Abel’s twin sister had died a modest death, not the spectacular one friends and family feared, or privately expected. An aid worker traveling the world should perish operatically, from the sudden outbreak of civil war or the contraction of a rare deadly virus. Yet Ariel died during a work meeting when she leaned too far back in her chair and fatally struck her head. Abel’s parents phoned him at his own job to deliver the news, and for several long moments he stared out the window, waiting for the words to resolve into meaning. In that period of shock his thoughts drifted in and out of arguments he’d had with Ariel over the years, and it occurred to him that he finally had proof his job ensuring regulatory compliance at Deloitte was indeed the better career. Here were comfortable chairs made to lean back. Here was a floor that could hurt no one, covered as it was with a plush carpet. He thought, miserably, that for once he could have said what she did every time they argued about career choices: “I win.”
It was a year later when Abel arrived in Cambodia. He’d put off the trip in order to receive several vaccinations, including one against Japanese Encephalitis, though it was unlikely he’d contract it, and because he wanted to avoid the rainy season, and because he had always been afraid to fly, and because, most of all, he wasn’t sure if he could do it alone. His bravest moment in life had been accepting an internship in New York City immediately after graduating from the University of North Dakota. It was his first offer and he wasn’t sure he’d get another; He had been terrified to walk the block and a half between his apartment and the office for at least half a year. The internship turned into a job, and since then, his only trips were back home to Grand Forks. He’d never visited Ariel at any of her postings, though she visited him at least annually.
His plane touched down at 9 p.m. and he hired a motodop, as recommended by his travel guide.
“English?” the man asked. “French?”
“English,” Abel said. “Or American.”
“Oh. Comedian. You speak Comedian.”
Abel wished he was the kind of person who could seize the moment and extend his half-hearted joke into a playful exchange. Instead he named his guest house and handed the man a printout of the address written in English and in Khmer. Through the busy city center the man bobbed and weaved, and Abel held him around the waist, as he saw was the custom for men and women alike. The driver’s body was relaxed and safe. He delivered Abel to the right address and Abel clutched his backpack to his chest as he watched him go.
It was hot. The lane was quiet and pockmarked. Vines strained against the tall cement fences. The heavy air smelled of jasmine and garbage and bore the sound of a million tiny wings.
Was it jetlag or something else that woke him at dawn? He wandered out to the porch and saw for the first time what Ariel must have seen every day, early riser that she’d been. A watercolor sky. Thickening haze. Trees and tall grasses wet and bright.
And there at the far end of the porch was Ariel herself, sitting in a wicker chair. She wore shorts and a sleeveless shirt and was pouring cream into a glass of ice coffee. It moved through the liquid like it was alive. Another glass sat on a low table in front of a second chair.
“Coffee?” she said.
Abel wanted to scream in her face. Pour out his tears. Embrace her and never let go. But the setting was so calm, her posture so relaxed, that the impulse evaporated. In its place: a pointless flicker of hope.
Ariel pushed a list across the table. “Can you get me this stuff?”
The curvaceous Khmer script was indecipherable to Abel.
“Ok, but – ”
“Go to Orussey and then go to Tuol Tom Poung.”
“Ariel, can you just – ”
“Hey, want to see something?”
She reached into a backpack. When she turned back she was wearing the wooden mask of a demon. One eye was closed and slashed across the eyelid, the other wide open and bulging. From bright red lips poked two fangs.
“Boo!” she said.
Abel stared at her.
“I’m a ghost!”
Ariel shimmied and wiggled her fingers. “Ooooooo,” she said. Then louder, leaning forward. “OOOOOOO!”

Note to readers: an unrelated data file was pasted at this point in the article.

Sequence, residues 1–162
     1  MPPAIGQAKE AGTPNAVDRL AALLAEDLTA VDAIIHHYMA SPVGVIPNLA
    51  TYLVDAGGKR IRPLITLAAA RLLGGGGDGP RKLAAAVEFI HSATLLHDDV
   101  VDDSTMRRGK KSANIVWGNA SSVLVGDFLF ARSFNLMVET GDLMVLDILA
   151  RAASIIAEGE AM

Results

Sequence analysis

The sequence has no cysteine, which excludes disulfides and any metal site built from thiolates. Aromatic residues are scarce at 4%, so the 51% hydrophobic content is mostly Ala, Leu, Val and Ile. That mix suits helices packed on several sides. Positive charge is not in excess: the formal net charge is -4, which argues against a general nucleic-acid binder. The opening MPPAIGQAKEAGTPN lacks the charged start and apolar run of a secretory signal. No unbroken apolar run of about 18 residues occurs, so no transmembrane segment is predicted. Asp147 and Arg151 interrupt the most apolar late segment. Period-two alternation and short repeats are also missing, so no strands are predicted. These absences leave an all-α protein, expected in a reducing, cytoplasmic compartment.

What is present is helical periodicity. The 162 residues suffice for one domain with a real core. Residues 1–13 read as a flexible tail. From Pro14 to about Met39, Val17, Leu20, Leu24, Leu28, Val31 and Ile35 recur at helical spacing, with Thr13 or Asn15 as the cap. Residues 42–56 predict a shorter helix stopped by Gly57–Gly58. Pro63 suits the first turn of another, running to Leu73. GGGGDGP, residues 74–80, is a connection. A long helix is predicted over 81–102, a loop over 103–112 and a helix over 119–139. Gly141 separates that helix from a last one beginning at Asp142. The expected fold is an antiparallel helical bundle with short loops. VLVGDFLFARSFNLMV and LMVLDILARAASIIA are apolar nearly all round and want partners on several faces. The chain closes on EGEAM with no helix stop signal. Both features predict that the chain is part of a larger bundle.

“According to folk tales here, if you shake your bare ass at a ghost, it will get scared and go away. Isn’t that great?”
Abel’s laugh was genuine. “Would that work on you?”
“No.” Ariel took off the mask.
Abel stood at the curb to hail a tuk-tuk and another guest house resident came to stand beside him, a white woman in a white linen dress with a white leather purse and a big floppy straw hat. Abel fidgeted and hoped she would leave him alone.
“It is so, so hot out, isn’t it?” she said. She retrieved a fan from her purse and thworped it open with a flick of the wrist. She held it before her face and waved it with a fussy little motion.
“It’s so nice to see another expat here,” she said. “I’ve been here for a year now, volunteering.”
Abel’s smile was a closed door. He scanned the traffic.
“You’re going to love it,” she said. “It’s so pretty, there’s a ton to do. Oh – there’s an expat party every second Tuesday at Sunny’s, so that’s coming up and everyone goes. You should come!”
“Hm.” No tuk-tuks, no motodops, no taxis.
“Let’s see, what else. We hang out on Street 140. Check out Pontoon Bar. It’s a bar on a pontoon. Buy some lotus seeds and feed the monkeys as soon as you can. It’s so fun. And make sure you get a pair of shoes made. All the expats have some. They make them exactly to your specs.”
Abel did not want to do any of that. He wanted to see what his sister saw in her last days, just a glimpse, maybe understand finally why she kept travelling so far from home. And then he wanted to leave. But suddenly he also wanted something else, some way to dispel the welter of anger he was surprised to feel. He met the woman’s eye after a beat.
“You keep saying ‘expat,’” he said. “What do you mean, exactly?”
“You know, someone who moves here.”
“So, an immigrant?”
The woman looked at him blankly.
“People from El Salvador, then,” he said. “Nigeria.”
The woman cocked her head. Abel pressed on. “You mean white, no?” His voice rose. “White people are so fucking special, so they get the special word.”
“I never really thought about it.”
“You never thought about it,” he said. “Cool.”
“I don’t know what you’re getting so mad at me for. I’m trying to help.”
Abel had never picked a fight with a stranger before, but it wasn’t fair this lady got to be here instead of Ariel, who had made fun of words like “expat” and phrases like “friendly fire.” He reached for the worst thing he could think of and ignored the tightness in his chest. “Well you should try harder.” He willed his voice not to crack. “Because otherwise what good are you.”
Stalls of spices, of vegetables, of freshly butchered meat. A vendor of deep-fried insects and tiny flattened frogs, tossed in oil and salt and eaten one after another like potato chips. A stall of hot peppers whose proprietor wore thick rubber gloves.